Since the COVID-19 pandemic made its rude arrival at Utah’s doorstep back in March, the days that I have not walked along a trail or in a park near my home in Cottonwood Heights could be counted on one hand.
Not only has getting out of my house and into nature provided me with a vital respite from the daily news cycle, but it’s also given me a relatively safe way to be with people I love outside of my immediate family. And, judging by how many I’ve seen along the trail or sitting in lawn chair circles at our neighborhood park, it seems that others are managing the pandemic similarly.
Which is why I am supporting Utah Open Lands’ campaign to save open space at the mouth of Little Cottonwood Canyon from becoming another subdivision.
If you’ve driven up Little Cottonwood on your way to ski, hike or climb, you’re likely familiar with this land. Located on the east side of Wasatch Boulevard beneath a boulder-strewn field just northwest of the canyon entrance, walkers and cyclists can often be seen there along an old two-track trail. These 27 acres are one of the last undeveloped tracts along the foothills between Big and Little Cottonwood canyons, and, if preserved, its unofficial recreational status will become legitimized for perpetuity.
One of the visions for this land is as a regional trailhead for a long-awaited section of the Bonneville Shoreline Trail from there to Ferguson Canyon. Preserving it would also allow it to remain wildlife habitat for the deer, coyote and even mountain lions often spotted there. This land, however, is currently under a development agreement and is zoned for a housing subdivision — if Utah Open Lands’ campaign to save it is not successful, 11 homes will be built there and its public access and enjoyment will be lost forever.
When Utah Open Lands launched this campaign in January, no one had any idea of the severity of the pandemic that was barreling toward us. But a chance to preserve a piece of open space with such rich recreational opportunities at a location that so succinctly defines the Wasatch Front’s identity for so many does not come along often.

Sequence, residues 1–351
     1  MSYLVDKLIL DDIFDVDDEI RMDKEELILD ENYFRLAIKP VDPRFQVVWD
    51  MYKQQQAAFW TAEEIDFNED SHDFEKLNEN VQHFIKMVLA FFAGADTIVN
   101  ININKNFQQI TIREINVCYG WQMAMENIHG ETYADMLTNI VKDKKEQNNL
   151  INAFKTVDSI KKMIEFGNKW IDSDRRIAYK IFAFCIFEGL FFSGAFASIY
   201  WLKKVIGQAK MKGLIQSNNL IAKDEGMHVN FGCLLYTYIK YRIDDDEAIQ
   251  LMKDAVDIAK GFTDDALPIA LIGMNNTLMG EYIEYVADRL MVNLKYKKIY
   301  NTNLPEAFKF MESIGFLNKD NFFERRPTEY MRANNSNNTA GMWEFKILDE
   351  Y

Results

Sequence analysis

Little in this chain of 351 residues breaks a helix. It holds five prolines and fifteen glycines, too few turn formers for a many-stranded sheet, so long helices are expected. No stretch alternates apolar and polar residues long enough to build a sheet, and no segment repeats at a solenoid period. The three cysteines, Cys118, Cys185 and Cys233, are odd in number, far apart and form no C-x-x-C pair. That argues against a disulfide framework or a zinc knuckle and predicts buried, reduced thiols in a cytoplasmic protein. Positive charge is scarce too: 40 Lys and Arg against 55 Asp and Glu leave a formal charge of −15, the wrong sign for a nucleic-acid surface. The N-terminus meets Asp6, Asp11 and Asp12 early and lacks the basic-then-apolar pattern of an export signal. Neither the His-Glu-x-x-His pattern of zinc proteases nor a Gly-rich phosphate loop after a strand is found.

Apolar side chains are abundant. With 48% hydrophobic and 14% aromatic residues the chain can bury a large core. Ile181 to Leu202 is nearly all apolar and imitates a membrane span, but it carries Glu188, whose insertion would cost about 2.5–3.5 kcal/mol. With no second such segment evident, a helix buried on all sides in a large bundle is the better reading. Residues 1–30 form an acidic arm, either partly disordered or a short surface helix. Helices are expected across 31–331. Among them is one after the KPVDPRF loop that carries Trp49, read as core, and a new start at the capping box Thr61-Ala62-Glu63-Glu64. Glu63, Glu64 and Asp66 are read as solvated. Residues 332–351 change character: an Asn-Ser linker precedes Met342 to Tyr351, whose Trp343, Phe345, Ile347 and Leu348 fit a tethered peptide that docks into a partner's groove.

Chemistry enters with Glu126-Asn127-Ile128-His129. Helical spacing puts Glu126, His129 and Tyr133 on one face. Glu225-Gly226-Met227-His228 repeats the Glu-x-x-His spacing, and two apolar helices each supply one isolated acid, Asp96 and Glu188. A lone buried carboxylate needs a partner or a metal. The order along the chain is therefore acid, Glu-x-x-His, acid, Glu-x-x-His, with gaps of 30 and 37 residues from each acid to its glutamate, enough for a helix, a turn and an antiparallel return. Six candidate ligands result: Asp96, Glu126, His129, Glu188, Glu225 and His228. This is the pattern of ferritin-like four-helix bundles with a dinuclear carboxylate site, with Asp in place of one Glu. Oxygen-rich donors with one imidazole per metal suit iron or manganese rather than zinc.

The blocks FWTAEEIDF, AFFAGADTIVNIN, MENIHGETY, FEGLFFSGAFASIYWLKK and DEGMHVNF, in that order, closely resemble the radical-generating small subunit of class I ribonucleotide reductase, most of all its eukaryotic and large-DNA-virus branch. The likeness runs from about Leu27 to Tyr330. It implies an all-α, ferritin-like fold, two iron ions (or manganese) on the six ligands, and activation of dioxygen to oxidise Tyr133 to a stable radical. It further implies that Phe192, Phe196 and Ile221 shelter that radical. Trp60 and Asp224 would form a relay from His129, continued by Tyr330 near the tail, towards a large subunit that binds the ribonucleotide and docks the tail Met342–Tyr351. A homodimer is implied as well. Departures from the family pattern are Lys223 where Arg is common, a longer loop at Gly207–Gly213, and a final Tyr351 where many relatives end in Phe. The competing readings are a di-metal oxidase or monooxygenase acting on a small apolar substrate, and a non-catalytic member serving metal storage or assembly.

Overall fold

Recognizing this rare opportunity, numerous public entities have already given to this campaign including the LeRay McAllister Critical Lands Fund, the City of Cottonwood Heights, the Wasatch Mountain Club, Friends of Alta, the Central Wasatch Commission and Salt Lake County. Even the landowners have agreed to reduce the land’s sale price by $835,000 for purchase and preservation by Utah Open Lands.
In case you’re wondering, the campaign to preserve this land is completely unaffiliated with the Utah Department of Transportation’s high-profile efforts to solve Little Cottonwood Canyon’s traffic issues. If preserved this land will not become a satellite parking lot for the ski resorts; Utah Open Lands will hold its conservation easement, and Cottonwood Heights will steward it as a public access point to the Salt Lake Valley’s unparalleled backyard, the Wasatch Mountains.
The race to preserve this land is now coming down to its deadline, Sept. 10. As of this writing, Utah Open Lands was about $582,169 shy of the $3 million needed to purchase the land from its current owners, Rola V Ltd and LC Canyon Partners LLC. All donations made between now and the campaign’s deadline will be doubled by a $200,000 challenge grant from the AHE/CI Trust.
Please consider making a donation to this campaign so that, even when we reach the end of this marathon pandemic, we’ll all have one more place where we can go to get some exercise, get into nature and safely and authentically be with those we love. To give, go to utahopenlands.com or donate via Venmo @UtahOpenLands.
Melissa Fields, Cottonwood Heights, chairs the Cottonwood Heights Parks, Trails & Open Space Committee.